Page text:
Palestinians commemorate Yasser Arafat

Eleven years after late Palestinian leader’s death, Palestinians gather to commemorate his memory

Photo by: Reuters
Photo by: Reuters

Palestinians light candles near the tomb of Palestinian leader Yasser Arafat during a rally before the 11th anniversary of Arafat's death, in the West Bank city of Ramallah November 10, 2015.

After 11 years, Palestinians gather in Ramallah to commemorate the memory of the late Palestinian leader Yasser Arafat, with planned marches across the city.

Young Palestinians laid flowers wreaths on his tomb on Wednesday and lit candles.

Arafat or ‘Abu Ammar’ as he was nicknamed, died on November 11 2004, and was the leader of the Palestinian Liberation Organization (PLO) and the Palestinian political group Fatah. Abu Ammar remains to be widely idolised among Palestinians of different political backgrounds.

The late leader used to be perpetually attired in military uniform and the traditional Palestinian headwear, contrary to the current Palestinian president Mahmoud Abbas, who wears a normal suit and tie.

The cause of death for Arafat remains disputed until this day, with many speculations revolving around the possibility of him being assassinated. Arafat lived for two years under pseudo house arrest in his home in Ramallah, the Israeli army had effectively confined him in his home.

Cause of death

At 75 years of age, in a military hospital on the outskirts of Paris, Arafat was hospitalised following a rapid deterioration in his health.

The official cause of death announced at the time was a massive stroke. However, the lack of issuance of the indictment, the investigation will no longer proceed.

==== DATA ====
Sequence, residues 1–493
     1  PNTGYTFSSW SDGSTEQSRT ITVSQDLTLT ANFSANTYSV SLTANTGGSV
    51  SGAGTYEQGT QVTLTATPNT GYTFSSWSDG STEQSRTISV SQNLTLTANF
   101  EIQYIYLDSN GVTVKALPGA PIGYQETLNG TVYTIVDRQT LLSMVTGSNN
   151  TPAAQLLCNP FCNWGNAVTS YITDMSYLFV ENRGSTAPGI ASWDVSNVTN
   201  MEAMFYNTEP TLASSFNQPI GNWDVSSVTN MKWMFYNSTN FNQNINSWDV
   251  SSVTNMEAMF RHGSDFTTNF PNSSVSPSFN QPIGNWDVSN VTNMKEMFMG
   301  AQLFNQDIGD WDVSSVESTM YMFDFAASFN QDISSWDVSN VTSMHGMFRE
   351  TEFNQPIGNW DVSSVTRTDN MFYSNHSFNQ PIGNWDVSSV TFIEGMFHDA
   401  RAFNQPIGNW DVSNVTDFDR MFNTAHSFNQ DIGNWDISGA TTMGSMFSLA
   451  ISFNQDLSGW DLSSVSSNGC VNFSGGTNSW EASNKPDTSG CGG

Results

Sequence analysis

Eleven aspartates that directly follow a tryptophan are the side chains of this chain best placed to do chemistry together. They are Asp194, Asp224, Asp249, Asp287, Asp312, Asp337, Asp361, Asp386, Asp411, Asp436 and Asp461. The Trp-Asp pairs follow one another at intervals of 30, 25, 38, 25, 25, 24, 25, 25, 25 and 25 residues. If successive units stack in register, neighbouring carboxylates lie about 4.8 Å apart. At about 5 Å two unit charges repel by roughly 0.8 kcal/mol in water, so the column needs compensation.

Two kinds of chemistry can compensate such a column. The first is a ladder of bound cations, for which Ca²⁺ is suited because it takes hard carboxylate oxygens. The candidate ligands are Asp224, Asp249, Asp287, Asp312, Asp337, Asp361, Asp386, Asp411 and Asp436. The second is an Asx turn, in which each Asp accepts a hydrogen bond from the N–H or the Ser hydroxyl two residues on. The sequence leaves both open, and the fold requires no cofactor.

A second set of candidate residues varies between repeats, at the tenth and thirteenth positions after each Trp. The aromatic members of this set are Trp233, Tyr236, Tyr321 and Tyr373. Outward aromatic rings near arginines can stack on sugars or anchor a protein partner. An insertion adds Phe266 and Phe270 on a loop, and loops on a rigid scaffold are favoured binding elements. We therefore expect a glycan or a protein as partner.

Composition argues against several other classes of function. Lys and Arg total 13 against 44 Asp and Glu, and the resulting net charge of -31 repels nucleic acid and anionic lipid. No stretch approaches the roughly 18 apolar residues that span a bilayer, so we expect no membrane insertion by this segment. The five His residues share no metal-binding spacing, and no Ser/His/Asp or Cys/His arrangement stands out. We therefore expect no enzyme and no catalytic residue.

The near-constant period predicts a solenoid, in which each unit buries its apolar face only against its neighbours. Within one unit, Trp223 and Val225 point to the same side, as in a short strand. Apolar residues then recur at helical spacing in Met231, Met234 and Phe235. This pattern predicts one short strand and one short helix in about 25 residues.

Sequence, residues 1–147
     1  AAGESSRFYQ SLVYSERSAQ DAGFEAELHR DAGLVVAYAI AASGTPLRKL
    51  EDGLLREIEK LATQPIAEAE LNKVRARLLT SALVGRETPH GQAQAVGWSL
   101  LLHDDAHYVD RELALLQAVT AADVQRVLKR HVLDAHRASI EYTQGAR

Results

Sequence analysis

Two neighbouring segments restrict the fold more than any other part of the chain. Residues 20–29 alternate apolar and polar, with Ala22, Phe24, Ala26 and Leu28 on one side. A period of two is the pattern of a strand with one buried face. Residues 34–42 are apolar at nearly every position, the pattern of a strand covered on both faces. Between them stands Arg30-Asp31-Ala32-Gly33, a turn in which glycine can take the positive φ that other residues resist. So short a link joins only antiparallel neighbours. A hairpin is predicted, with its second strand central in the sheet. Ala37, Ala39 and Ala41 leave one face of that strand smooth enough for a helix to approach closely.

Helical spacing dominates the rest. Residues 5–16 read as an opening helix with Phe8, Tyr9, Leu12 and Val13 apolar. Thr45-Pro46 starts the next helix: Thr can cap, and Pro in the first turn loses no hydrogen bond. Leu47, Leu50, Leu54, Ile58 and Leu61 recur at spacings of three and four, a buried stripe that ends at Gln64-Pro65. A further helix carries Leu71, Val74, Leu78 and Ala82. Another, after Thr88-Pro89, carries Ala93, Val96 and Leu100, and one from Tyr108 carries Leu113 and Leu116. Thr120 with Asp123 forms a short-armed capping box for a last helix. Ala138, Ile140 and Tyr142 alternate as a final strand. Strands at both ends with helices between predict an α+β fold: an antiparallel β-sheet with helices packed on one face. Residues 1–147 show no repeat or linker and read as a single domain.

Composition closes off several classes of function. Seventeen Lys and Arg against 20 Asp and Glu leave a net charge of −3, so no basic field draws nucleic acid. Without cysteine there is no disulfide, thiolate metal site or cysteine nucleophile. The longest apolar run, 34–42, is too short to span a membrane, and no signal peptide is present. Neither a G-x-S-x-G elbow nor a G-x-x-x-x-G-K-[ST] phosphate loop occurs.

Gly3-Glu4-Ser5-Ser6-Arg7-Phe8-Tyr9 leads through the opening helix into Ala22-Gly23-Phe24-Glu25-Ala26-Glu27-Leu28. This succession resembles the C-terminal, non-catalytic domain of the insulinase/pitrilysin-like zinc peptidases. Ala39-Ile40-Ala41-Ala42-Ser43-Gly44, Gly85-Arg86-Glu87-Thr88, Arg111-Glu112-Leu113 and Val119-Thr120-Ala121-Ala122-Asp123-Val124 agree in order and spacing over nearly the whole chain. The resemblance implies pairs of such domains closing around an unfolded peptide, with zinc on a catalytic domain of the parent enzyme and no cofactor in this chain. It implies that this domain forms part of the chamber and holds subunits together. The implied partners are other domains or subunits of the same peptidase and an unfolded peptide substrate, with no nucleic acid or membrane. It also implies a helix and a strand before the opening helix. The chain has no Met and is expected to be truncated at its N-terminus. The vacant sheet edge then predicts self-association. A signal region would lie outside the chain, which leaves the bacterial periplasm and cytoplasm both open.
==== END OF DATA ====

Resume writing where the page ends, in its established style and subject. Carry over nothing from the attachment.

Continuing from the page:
The three judges assigned to carry out the investigation in Paris, since August 2012. Following a lawsuit filed by Suha Arafat -late leader's widow - citing unknown substance, later found to be radioactive “polonium -210” of high toxicity in her husband's personal belongings.

A number of Palestinian leaders believe that Israel deliberately poisoned Arafat, after cooperating with some of the late leader’s companions.

Yasser Arafat shakes hands with Shimon Peres at the World Economic Forum in Davos, 2001

Although Arafat received a Nobel Prize for peace in 1994 with fellow Oslo negotiators on the Israeli side Shimon Peres, and Yitzhak Rabin. Peres was quoted In November 2013, saying that when he was president of Israel, it was "easier" to assassinate him dead with actual bullets, referring to rumours about Israeli involvement in the matter.

Case closed

French judges investigating claims that late Palestinian leader was assassinated closed the case on September 3, without bringing any charges, a prosecutor said.

"At the end of the investigation ... it has not been demonstrated that Mr Yasser Arafat was murdered by polonium-210 poisoning," the three judges ruled, according to the prosecutor at Nanterre Court near Paris.

Lawyers of Arafat's widow Suha Arafat labelled the court ruling as biased, and intend to appeal against the ruling.

An investigative report by Al Jazeera in 2013 proved the presence of radioactive polonium in Arafat's clothes, prompting the Palestinian authorities to agree to re-open the tomb of Arafat and obtain samples of his remains, investigated by Russian, Swiss and French medical teams.

According to Jerusalem Post, the investigative teams did not find radioactive traces in Arafat’s remains, however traces were heavily found in his clothes. According to Al Jazeera, the radioactive traces that was found on his cloths were in huge quantities.

TRTWorld and agencies